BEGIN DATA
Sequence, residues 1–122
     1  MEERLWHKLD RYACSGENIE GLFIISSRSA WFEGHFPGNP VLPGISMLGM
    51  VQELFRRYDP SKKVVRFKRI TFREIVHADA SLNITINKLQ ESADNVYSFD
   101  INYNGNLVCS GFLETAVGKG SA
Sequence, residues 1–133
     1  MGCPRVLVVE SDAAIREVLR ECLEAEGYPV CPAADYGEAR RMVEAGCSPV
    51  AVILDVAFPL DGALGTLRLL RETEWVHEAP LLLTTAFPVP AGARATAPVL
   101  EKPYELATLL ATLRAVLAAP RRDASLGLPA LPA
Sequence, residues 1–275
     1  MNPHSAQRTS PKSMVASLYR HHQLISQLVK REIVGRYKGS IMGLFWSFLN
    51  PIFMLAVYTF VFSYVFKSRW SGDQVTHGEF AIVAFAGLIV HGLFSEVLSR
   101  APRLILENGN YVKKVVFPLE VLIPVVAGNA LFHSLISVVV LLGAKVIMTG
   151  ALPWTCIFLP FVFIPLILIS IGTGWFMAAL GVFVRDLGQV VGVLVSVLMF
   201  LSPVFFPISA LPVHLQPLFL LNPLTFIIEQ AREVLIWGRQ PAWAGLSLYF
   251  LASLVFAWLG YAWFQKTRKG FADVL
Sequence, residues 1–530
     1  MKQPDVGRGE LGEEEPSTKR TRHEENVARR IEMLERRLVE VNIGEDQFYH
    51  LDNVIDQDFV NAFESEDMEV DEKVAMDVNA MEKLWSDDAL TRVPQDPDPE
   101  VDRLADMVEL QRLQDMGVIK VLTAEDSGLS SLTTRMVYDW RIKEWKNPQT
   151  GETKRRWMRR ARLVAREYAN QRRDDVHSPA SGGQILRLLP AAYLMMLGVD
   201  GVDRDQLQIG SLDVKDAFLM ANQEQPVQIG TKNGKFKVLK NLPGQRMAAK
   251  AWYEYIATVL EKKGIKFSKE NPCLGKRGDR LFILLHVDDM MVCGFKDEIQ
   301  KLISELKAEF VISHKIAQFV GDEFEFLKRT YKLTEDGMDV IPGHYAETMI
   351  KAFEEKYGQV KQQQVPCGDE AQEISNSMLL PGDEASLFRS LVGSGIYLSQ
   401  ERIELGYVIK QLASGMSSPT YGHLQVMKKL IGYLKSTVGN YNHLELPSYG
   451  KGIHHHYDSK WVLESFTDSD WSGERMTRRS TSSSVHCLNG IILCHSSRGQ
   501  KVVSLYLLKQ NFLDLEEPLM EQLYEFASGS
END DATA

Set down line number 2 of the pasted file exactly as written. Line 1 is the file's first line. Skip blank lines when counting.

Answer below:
     1  MEERLWHKLD RYACSGENIE GLFIISSRSA WFEGHFPGNP VLPGISMLGM